[00:05:25] And you never have to call these directly because they get called implicitly under the hood via Angular. But this is where by, essentially, implementing this interface, you're signaling to Angular, this is what is happening, and we're using this interface. And it's able to make some compilation decisions based on that.

[00:05:53]
>> Will we see several lifecycle hooks and action especially like the Unsubscribe ones.
>> Well, we will see some, specifically ngOnInit. I can do ngOnDestroy, we can see that. There's a small caveat that I'll talk about later, that there are some concessions, well, I'll say this now, there are some concessions or some things that I'm introducing incrementally.

[00:06:29] So that conceptually, especially for new developers, it's a lot easier for them to kind of wrap their mind on what's happening, or there's an approachable linear progression that exist. The the one thing that I will say, is that right here within this ngOnInit block that I am subscribing to an observable stream and unpacking it.

[00:06:58] And then I'm more than likely binding this to something in the template. Well, this is for demonstration purposes because in real life, what I would actually I would say it's very, very rare you would ever see me use a subscribe block inside of a component. Because I can pipe this right into a template using the async pipe.

[00:07:31] And as a result, using the async pipe, that Angular does a really good job of cleaning it up or cleaning up that code for you. So this is where I really have to use ngOnDestroy because my components are as thin as possible. And I'm leveraging the Angular framework, specifically the async pipe, to handle that for me.

[00:07:55] There are cases where you need to do it. But again, this would be the exception, not the rule. And so, for instance, if I saw a situation where somebody was having to use ngOnDestroy heavily and they were relying on it. The very first thing that I would do, and not to be critical, but just to eliminate the possibility, is I would check to see if that is even necessary enough.

[00:08:21] Possibly it's indicative of a larger problem. So, I do use NngOnInit quite a bit, but ngOnDestroy, not as much because when you're using an observable stream, you can just pass that right into the template and you don't need to do that. So, but I can spin one up at some point and we can see what that looks like.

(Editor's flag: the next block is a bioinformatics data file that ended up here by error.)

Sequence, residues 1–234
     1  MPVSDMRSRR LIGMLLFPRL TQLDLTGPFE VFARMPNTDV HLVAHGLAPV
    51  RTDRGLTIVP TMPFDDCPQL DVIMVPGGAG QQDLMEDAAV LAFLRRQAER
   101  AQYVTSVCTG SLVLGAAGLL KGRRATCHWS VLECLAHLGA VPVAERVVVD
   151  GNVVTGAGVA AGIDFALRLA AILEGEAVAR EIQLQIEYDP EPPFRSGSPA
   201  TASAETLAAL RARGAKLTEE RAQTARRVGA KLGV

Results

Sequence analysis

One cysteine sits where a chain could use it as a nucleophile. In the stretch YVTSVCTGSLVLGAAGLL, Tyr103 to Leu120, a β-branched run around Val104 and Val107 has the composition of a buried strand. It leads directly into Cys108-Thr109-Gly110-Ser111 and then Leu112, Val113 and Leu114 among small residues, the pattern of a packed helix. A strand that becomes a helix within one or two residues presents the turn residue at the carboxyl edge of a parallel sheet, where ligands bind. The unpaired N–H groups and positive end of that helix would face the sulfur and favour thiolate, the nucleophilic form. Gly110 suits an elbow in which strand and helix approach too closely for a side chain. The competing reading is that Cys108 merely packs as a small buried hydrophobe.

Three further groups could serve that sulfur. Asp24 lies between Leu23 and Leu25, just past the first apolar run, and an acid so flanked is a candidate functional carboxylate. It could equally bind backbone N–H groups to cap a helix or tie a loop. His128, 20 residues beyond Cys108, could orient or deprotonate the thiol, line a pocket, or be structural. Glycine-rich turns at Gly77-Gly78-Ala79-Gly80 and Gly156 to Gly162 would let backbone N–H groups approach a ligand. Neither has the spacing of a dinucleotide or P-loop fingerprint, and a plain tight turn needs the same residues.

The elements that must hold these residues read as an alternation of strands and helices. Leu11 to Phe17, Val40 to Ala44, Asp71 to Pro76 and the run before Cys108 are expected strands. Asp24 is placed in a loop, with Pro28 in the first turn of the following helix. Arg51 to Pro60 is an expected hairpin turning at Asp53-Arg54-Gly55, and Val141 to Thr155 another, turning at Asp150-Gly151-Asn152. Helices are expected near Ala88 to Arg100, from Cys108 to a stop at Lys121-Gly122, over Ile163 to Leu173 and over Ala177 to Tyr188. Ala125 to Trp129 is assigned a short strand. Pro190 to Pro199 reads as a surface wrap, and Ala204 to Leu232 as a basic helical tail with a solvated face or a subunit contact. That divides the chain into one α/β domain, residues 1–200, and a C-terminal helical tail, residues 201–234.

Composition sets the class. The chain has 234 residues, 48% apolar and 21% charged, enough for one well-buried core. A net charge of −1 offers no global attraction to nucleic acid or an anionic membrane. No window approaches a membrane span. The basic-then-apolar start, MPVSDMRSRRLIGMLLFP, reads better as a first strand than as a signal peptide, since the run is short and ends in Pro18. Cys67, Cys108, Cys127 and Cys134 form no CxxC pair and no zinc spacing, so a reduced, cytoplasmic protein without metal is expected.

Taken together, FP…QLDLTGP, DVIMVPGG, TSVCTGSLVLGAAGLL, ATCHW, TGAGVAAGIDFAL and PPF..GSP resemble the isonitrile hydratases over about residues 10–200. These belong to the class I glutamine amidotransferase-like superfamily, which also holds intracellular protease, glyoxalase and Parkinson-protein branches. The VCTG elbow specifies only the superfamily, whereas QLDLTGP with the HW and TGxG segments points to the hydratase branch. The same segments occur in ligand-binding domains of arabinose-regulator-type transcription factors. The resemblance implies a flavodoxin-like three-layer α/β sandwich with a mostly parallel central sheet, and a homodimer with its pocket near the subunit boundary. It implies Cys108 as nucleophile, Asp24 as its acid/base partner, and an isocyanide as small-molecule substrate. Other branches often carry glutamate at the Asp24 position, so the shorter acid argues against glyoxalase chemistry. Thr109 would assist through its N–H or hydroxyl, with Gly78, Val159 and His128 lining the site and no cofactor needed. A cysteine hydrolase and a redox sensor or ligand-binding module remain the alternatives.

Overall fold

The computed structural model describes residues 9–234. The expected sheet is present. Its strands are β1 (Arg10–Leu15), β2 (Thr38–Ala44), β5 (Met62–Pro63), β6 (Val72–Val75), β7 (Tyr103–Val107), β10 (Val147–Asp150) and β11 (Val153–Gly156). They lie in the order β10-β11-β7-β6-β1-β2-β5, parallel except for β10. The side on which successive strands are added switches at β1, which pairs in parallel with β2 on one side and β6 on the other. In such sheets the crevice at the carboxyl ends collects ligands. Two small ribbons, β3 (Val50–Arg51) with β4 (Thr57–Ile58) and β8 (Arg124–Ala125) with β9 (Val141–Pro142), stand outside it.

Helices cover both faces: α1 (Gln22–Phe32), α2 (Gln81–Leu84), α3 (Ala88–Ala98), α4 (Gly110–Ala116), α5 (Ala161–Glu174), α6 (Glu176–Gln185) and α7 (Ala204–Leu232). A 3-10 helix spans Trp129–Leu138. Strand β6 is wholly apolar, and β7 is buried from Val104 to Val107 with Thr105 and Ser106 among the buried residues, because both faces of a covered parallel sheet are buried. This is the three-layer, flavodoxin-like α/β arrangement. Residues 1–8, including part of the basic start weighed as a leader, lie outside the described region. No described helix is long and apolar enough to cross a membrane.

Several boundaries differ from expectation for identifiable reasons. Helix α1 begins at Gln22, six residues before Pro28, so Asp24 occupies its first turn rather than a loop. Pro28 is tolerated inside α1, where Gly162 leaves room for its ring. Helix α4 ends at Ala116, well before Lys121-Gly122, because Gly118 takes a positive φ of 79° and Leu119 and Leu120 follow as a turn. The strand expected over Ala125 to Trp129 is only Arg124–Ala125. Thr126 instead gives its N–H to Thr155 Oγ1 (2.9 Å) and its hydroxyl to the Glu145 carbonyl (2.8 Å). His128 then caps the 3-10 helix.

[00:08:46] So the question is, is the async pipe a better practice, or considered the best practice, versus subscribing in your component class? And the answer is absolutely yes. If you are consuming an observable stream, technically a promise in Angular we don't do that a bunch. But observable stream, if you're going to do it in a reactive fashion, which is what Angular is designed to be, I would not unpack it in the component class, I just pipe it right into the template.

[00:09:18] So, definitely a best practice, I can show how that works in the component driven architecture module. So the question is, is the template parsed after ngOnInit is run? And the answer is no. So, if you have a parent component that has a child component, and you're passing in data from the parent component to the child component.

[00:09:50] That template is going to be processed and where ngOnInit is going to kick off. So when you have a template that has data binding, anytime there is data, that's essentially it's being updated or it's pushing it in via binding, is you have ngOnChanges that is going to essentially fire.

[00:10:17] So here's new data, ngOnChanges. Here's new data ngOnChanges. Well, you can have a template that's being rendered. Typically this happens very fast, but it's being processed, but the data hasn't arrived yet or the template hasn't been satisfied. So the first ngOnChanges that's fired, meaning your template is hydrated, then ngOnInit is fire.

[00:10:45] So where ngOnInit is important is not for the parent component, but for the child component, is you know that the templates been hydrated, now I can make some decision based on this data that's been passed down. I will say in the documentation, the Angular documentation cuz I don't remember all the life cycle hooks, but there's a pretty good graphic that shows the order that it goes in.

[00:11:12] But ngOnChanges, that means your template has its first data that's been passed in, so it's hydrated, render then ngOnInit.